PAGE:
Establishing Shots set up the context for a scene by
showing the relationship between key areas and
characters. Establishing shots tend to be long shots
or mid shots. In Casino Royale this establishing shot
is used in the opening sequence setting the scene in
a construction site.
The extreme long shot is taken from a far
distance and is used to set the scene. There is
very little visible detail within the shot and gives
general information rather than specific
Long shots are clips which show the subject as life
size. In a cinema the shot would be a real distance
between the subject and the audience. Long shots
include the full shot of an object or person. The
detail is on the subject however background detail
is still visible.
The mid-shot contains a figure from the waist up
and is often used in dialogue scenes between two
or three characters, the two shot or three shot.
Background detail is kept to a minimum as the
location has probably been established by this
point. Mid shots are usually used for filming shot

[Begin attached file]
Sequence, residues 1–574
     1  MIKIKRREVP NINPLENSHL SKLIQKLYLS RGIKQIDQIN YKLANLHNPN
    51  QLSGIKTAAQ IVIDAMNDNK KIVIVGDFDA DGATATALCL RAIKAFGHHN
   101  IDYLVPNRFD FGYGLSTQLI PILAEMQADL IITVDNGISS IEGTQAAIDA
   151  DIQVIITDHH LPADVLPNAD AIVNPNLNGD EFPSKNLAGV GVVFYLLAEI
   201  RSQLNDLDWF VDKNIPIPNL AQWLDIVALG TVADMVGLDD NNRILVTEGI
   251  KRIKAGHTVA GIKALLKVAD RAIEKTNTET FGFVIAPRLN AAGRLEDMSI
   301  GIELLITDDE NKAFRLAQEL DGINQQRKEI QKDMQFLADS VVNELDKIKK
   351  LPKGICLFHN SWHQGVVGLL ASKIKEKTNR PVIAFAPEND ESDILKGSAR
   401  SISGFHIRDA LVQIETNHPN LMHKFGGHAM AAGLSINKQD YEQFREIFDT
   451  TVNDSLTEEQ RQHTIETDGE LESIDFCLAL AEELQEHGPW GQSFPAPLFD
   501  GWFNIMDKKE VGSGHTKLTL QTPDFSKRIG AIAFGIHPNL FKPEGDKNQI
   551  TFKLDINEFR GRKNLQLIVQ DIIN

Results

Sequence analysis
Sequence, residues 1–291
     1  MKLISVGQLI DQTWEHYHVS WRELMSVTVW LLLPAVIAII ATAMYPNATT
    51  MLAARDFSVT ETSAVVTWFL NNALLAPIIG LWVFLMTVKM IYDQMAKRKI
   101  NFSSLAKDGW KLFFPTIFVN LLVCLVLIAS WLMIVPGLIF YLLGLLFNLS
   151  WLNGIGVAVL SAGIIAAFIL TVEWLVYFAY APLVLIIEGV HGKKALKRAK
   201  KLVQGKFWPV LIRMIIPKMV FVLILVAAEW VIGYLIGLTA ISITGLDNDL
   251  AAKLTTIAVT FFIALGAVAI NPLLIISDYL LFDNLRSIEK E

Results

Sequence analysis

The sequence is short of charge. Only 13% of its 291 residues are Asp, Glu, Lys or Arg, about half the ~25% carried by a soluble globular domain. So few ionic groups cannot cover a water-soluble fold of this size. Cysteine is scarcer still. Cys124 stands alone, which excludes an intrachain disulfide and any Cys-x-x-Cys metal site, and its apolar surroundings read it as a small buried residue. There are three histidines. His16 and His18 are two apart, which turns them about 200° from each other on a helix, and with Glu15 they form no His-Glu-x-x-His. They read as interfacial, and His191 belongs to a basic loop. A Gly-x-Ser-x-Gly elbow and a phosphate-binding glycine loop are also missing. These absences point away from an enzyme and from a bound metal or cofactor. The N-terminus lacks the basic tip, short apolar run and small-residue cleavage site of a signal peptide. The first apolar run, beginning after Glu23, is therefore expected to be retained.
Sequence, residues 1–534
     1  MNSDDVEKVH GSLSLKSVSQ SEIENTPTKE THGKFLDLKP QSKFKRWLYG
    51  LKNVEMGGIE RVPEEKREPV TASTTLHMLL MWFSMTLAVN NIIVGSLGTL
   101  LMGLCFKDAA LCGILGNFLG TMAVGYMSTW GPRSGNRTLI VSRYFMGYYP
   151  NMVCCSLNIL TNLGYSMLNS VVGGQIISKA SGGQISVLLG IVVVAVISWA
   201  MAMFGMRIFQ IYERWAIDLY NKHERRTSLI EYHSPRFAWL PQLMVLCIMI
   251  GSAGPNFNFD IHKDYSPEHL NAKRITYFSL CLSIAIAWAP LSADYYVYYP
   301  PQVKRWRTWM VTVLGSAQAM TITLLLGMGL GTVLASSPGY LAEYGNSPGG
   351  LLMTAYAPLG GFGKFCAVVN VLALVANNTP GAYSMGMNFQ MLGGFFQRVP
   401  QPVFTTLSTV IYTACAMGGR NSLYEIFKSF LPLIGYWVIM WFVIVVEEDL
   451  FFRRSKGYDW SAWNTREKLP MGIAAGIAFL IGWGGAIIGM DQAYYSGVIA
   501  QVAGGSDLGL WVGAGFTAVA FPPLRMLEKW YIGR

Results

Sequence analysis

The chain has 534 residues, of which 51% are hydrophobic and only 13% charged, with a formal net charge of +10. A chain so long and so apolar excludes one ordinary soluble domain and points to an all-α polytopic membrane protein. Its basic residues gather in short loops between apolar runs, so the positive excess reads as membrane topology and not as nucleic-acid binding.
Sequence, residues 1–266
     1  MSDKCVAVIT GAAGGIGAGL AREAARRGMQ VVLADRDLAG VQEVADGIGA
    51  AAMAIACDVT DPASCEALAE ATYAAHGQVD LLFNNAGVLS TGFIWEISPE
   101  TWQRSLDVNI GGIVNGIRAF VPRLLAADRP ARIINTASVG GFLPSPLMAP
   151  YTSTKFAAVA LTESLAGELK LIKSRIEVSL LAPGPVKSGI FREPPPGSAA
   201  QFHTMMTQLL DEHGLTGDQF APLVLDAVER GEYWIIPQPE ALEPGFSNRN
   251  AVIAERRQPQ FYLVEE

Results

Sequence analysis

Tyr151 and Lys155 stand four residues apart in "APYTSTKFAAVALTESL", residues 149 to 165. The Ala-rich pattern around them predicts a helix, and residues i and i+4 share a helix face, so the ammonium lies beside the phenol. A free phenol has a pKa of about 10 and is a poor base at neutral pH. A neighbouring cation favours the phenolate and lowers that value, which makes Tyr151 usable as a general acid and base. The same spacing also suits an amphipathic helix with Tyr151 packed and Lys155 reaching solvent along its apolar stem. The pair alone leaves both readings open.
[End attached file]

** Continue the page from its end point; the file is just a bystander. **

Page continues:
reverse shots also.
The close up concentrates on a face of a character
or a specific detail. The background is blurred so all
attention is on the subject. A close up is a very
intimate shot . They can be used to make us feel
uncomfortable or comfortable about a character.
Extreme close ups magnify beyond what the
human eye would experience in reality. It is a
very artificial shot and can be used for dramatic
effect. The tight focus means that it is important
that lighting and the setting up of the shot are
Bilateral symmetry positions characters or
objects equally on either side of the frame. It
looks constructed and can be very dramatic.
Deep focus has a large depth of field and every
part of the image is in focus. It is important that
lighting and lenses are used correctly. Because of
this it is an unusual shot. However with the
increased availability of technology it is becoming
Shallow function has a narrow depth of field
and only one plane within the frame is clear and
sharp. This is usually in the foreground focusing
on a character or object.
The Dutch tilt is the tilting of the camera
angle. It creates a sense of tension or unease
but can be used to create an unrealistic
Low angles help give a character the sense of
authority. The background of a low angle shot will
tend to be just sky or ceiling, the lack of detail about
the setting adding to the disorientation of the viewer.
The added height of the object may make it inspire
fear and insecurity in the viewer, who is
psychologically dominated by the figure on the
High angles make the object photographed
seem smaller, and less significant. The object or
character often gets swallowed up by their
setting - they become part of a wider picture.